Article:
On July 10, 2007, I flew to Florence, Italy, and spent a great week with Pat Kinsella and her husband Roberto Dematteis, swimming, sight seeing and picnicking in Italy. It is so nice to connect with friends I have known for so long. On July 19th, Pat dropped me off at the Lisio Foundation where we ran into Franz Ippoldt. It turns out that Pat and Franz had taken the class together at Lisio in 1991!  He was now my next door neighbor in the apartments on the Lisio Foundation grounds. It was sheer luck that we ran into him and that Pat introduced me. He turned out to be Technical Director of the Lisio Foundation and one of the weavers. He was very friendly to me. He helped me with technical information, showed several of us samples of his own designs and fabrics from his studio in France one evening and also proved to be a great and generous chef! Having him as a neighbor enhanced my experience at Lisio tremendously. I was also glad to have Barbara Setsu Pickett as my roommate. We were lucky she made the trip at all since she had slipped and broken her ankle about a month before the trip. Her sheer determination to do physical therapy enabled her to make the trip crutch and all!




                      View from top of the Duomo, Florence, Italy.                                             Sheila O’Hara & Pat Kinsella, Cecina, Italy.


For 5 days, a group of 20 teachers/weavers/artists exchanged ideas and had a crash course in weave analysis, drafting, jacquard software, brocade and velvet weaving and loom technologies taught by Eva Basile, Lisio School Director, Julie Holyoke, Lisio Special Projects Organizer, and Franz Ippoldt, Technical Director. We sat through short presentations by everyone on their artwork as well as on how weaving and the jacquard loom fit differently into University Programs in Italy, the United States, Canada, Finland, Denmark, England and Taiwan. This was a great exchange of ideas.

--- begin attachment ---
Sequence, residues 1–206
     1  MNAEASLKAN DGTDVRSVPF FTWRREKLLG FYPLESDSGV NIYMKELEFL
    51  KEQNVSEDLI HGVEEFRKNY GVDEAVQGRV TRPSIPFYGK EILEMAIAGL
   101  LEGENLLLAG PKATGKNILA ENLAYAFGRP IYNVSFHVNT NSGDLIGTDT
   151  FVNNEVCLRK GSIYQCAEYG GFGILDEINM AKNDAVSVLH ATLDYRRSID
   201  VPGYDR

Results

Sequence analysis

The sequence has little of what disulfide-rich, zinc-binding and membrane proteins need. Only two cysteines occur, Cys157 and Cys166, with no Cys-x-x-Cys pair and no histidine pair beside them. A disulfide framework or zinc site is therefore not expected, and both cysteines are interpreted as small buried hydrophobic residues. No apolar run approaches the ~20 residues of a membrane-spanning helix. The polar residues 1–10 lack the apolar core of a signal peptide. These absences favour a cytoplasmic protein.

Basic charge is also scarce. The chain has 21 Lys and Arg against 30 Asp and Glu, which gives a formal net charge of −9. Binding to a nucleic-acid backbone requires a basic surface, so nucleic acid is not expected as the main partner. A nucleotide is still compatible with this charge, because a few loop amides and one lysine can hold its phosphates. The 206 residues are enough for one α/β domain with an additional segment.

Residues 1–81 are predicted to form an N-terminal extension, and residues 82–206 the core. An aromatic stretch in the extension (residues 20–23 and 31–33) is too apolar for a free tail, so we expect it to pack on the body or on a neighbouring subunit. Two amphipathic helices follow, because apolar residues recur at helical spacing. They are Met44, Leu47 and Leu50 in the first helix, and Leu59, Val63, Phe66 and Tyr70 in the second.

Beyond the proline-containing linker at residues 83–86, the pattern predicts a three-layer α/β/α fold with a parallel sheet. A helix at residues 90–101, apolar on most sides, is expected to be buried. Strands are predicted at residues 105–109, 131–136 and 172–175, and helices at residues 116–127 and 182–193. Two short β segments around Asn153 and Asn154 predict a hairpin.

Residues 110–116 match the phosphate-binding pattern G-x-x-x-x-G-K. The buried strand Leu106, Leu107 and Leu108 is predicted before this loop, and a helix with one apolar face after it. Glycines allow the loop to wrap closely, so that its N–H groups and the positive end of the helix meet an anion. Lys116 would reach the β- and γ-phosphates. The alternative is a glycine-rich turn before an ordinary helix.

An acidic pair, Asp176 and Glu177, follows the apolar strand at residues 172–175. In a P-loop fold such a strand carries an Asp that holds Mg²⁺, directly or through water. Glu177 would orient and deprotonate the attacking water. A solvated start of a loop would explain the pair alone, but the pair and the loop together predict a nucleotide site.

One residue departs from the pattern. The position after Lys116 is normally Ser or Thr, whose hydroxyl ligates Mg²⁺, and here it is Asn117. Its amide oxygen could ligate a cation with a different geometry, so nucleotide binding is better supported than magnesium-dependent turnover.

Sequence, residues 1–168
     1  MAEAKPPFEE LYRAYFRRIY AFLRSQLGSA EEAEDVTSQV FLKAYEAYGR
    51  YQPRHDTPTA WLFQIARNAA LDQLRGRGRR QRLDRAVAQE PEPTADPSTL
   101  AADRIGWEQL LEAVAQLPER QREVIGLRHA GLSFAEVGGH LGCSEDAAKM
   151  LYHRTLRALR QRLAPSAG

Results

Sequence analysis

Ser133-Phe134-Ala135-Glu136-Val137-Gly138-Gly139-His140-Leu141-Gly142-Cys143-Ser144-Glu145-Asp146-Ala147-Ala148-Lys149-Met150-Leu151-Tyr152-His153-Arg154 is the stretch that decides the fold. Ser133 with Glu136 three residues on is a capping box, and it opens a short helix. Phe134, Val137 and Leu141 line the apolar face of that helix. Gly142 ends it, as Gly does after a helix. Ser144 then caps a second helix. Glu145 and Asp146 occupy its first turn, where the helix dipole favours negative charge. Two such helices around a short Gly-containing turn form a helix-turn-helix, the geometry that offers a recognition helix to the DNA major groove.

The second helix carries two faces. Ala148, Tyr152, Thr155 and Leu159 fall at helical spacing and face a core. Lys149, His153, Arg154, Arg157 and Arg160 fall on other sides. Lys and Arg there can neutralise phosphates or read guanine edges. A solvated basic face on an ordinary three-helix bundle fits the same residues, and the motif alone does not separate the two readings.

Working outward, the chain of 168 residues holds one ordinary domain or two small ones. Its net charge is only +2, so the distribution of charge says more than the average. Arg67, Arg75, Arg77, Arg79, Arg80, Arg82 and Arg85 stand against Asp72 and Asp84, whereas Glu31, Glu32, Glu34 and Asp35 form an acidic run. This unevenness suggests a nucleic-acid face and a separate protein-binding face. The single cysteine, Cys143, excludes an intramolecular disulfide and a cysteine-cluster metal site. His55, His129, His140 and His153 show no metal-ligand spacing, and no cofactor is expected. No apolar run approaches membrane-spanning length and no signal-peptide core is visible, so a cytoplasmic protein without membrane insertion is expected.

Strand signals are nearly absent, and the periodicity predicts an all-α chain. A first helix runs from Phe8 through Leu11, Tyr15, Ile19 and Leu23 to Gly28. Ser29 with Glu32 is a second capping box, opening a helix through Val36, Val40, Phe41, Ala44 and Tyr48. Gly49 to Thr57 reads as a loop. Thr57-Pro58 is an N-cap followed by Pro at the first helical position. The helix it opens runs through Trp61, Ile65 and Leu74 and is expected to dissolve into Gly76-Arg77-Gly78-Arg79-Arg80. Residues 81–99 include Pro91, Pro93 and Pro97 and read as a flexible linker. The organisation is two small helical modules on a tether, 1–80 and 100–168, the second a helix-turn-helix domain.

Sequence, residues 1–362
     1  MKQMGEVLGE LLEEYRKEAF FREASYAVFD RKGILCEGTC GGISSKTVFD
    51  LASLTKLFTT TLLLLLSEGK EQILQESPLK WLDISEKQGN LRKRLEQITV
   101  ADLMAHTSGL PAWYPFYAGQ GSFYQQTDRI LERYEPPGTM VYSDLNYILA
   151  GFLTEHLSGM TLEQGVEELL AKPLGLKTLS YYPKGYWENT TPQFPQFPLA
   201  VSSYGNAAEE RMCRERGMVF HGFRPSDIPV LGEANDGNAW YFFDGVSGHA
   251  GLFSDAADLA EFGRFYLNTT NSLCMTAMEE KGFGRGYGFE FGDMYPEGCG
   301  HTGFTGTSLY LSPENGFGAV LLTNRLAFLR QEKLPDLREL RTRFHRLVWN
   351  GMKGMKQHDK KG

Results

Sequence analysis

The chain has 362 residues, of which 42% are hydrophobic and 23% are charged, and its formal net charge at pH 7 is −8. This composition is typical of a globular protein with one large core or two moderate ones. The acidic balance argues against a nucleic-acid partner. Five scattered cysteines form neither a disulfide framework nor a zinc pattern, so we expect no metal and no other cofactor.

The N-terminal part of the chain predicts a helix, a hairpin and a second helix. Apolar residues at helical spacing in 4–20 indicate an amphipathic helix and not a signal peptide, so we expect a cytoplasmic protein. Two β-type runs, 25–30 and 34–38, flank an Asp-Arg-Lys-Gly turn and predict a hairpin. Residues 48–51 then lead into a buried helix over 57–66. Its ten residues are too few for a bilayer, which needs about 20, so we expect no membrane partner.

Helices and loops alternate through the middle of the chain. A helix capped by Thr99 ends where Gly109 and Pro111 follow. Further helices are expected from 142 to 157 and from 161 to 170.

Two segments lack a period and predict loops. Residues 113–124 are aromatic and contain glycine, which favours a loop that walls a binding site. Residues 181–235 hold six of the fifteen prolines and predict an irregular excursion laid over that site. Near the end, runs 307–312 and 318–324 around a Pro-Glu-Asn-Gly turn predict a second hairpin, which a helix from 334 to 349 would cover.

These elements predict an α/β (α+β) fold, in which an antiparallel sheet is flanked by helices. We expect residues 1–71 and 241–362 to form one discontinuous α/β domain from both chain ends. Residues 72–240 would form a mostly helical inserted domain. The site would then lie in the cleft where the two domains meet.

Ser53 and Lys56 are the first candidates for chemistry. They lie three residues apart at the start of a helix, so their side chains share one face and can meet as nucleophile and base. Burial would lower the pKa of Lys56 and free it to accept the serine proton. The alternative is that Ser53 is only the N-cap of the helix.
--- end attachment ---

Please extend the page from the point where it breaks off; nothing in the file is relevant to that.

Eva Basile teaching fabric analysis.                               Viewing fabric at great magnification.





       Viewing antique and student fabrics above and below.                 Barbara Setsu Pickett, Eva Basile and Kirsten Nissen




We viewed samples from the Lisio’s extensive collection of fabrics including many antique fabrics as well as several samples from students who have taken classes at Lisio. We saw brocades and velvets being woven on hand operated punch card jacquard looms made in the early 1900’s!




Marta Valdarni has woven this brocade pattern for 35 years. She is holding the brocade fabric that’s woven to look like it’s old.